Today, Jihan can only wait to be reunited with her husband, who has since been granted asylum in Denmark. The single room she shares with her two sons, Ahmed, 5, and Mohammad, 7, is tiny, and she worries about their education. Without an urgent, highly complex corneal transplant, her left eye will close forever.

"We came here for a better life and to find people who might better understand our situation," she says, sadly. "I am so upset when I see how little they do [understand]."

Jihan's Story

The Charcoal Boys: Child Labour in Lebanon

Bebnine is one of many small towns in northern Lebanon that have seen an influx of Syrian refugees in recent months. Many of the new residents are children, whose education has been disrupted. A lot of them must work to support their families instead of studying to lay the foundations for a bright future. This set of photographs by Andrew McConnell, documents one group of boys who risk their health by working for a charcoal seller in Bebnine. Aged between 11 and 15 years old, they earn the equivalent of less than 70 US cents an hour filling, weighing and carrying sacks of charcoal. It's hard work and after an average eight-hour day they are covered in charcoal dust. Throughout the region, an estimated one in ten Syrian refugee children is engaged in child labour.

The Charcoal Boys: Child Labour in Lebanon

For Starters, a Tent: A Syrian Teacher Opens a School in Jordan

In the semi-rural area of Kherbet Al-Souk, on the outskirts of Amman, Syrian refugees struggling to get their children into crowded state schools have taken matters into their own hands. They have set up a simple school in their small informal settlement of about 500 refugees. The families had lived in Za'atri or Al-Aghwar camps, but moved out to be closer to other relatives and to access basic services in the capital. But ensuring education for all refugee children in Jordan has proved difficult for the government and its partners, including UNHCR. According to the UN, more than half of all Syrian refugee children in Jordan are not in school. In Kherbet Al-Souk, the refugee-run school consists of a large tent where the students sit on the ground with their text books. All of the students take classes together with the younger children in the front. Before, they spent a lot of time playing, but they were not learning anything. One refugee, Jamal, decided to do something about it. Photographer Shawn Baldwin met Jamal and visited the school in a tent. These are some of the images he took.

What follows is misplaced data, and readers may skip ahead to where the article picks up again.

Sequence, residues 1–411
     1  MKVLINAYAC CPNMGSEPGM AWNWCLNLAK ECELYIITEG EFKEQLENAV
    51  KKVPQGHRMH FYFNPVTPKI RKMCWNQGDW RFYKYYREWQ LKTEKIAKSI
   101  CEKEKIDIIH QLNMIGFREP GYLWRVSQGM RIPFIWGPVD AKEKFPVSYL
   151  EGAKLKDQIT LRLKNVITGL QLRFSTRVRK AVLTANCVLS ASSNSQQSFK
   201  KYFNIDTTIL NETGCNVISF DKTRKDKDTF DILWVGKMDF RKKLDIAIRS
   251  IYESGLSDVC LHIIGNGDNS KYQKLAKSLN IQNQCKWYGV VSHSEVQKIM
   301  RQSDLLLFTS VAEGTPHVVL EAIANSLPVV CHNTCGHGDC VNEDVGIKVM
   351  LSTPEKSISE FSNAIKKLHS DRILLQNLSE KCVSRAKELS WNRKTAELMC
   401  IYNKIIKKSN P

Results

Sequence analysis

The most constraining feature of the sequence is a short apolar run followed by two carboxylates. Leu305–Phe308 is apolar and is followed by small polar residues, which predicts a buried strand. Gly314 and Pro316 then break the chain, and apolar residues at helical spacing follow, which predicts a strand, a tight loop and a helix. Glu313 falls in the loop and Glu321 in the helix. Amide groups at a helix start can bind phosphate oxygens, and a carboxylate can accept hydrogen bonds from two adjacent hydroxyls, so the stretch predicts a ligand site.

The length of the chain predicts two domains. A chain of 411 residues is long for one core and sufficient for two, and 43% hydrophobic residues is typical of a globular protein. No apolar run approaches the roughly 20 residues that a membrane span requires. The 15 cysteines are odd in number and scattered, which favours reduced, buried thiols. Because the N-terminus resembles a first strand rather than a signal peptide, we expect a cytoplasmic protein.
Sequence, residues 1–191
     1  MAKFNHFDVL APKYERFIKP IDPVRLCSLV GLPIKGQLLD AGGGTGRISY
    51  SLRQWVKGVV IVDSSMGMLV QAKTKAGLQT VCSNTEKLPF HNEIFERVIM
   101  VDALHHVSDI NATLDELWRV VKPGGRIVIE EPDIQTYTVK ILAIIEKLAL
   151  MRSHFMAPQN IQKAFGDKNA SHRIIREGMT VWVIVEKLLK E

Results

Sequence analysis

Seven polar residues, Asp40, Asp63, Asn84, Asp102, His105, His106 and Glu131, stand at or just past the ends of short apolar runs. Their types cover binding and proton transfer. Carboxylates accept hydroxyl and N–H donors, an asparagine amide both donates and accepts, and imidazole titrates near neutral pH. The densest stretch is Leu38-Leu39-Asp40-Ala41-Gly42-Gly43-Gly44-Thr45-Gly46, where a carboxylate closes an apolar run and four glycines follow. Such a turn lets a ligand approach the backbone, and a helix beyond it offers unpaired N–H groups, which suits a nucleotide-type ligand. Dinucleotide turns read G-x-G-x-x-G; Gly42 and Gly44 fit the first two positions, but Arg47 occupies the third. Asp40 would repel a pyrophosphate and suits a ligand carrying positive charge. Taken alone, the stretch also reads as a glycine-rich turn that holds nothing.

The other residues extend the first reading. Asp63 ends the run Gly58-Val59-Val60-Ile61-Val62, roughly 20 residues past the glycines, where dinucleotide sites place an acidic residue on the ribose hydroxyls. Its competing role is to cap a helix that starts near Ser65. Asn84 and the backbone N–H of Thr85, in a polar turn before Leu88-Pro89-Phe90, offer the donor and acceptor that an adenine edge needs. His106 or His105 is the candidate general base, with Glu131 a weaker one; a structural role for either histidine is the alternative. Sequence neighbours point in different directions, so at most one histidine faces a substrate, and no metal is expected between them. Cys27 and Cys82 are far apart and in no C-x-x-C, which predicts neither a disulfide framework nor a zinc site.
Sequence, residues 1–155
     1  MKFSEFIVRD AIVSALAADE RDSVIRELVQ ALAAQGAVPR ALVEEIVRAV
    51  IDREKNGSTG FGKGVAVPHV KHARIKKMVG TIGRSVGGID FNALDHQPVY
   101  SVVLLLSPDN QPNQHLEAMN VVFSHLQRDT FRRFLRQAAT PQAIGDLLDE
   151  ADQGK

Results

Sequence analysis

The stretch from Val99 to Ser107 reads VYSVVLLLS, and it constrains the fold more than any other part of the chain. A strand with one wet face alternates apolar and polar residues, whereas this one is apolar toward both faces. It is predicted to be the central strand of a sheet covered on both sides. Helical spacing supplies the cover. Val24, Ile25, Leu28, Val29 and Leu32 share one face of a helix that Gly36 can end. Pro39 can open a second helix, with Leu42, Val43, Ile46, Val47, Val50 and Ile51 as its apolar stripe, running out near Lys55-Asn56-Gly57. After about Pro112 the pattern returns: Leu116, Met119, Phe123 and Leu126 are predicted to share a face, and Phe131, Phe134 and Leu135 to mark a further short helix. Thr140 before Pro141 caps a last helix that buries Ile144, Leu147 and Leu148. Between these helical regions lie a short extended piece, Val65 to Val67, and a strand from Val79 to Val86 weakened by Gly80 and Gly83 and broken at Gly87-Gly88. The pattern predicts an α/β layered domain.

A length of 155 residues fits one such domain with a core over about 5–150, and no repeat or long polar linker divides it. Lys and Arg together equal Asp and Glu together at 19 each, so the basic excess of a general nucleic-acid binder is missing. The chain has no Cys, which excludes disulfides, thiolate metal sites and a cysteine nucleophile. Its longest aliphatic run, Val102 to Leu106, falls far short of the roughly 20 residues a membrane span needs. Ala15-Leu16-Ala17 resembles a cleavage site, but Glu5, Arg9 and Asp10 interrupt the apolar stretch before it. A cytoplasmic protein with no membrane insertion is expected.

For Starters, a Tent: A Syrian Teacher Opens a School in Jordan

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The Fight for Survival – Syrian Women Alone

Lina has not heard from her husband since he was detained in Syria two years ago. Now a refugee in Lebanon, she lives in a tented settlement with her seven children.
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Syria: A Heartbreaking Human Tragedy

As the conflict in Syria grinds on, UNHCR and its partners are calling on donors to dig deep to help refugees and host communities.
Jordan: Waiting for the PopePlay video

Jordan: Waiting for the Pope

Pope Francis will visit Jordan on Saturday (May 24, 2014), where he will be meeting with refugees. The Sabra family, Christian refugees from Syria, will have the chance to meet the Pope face to face.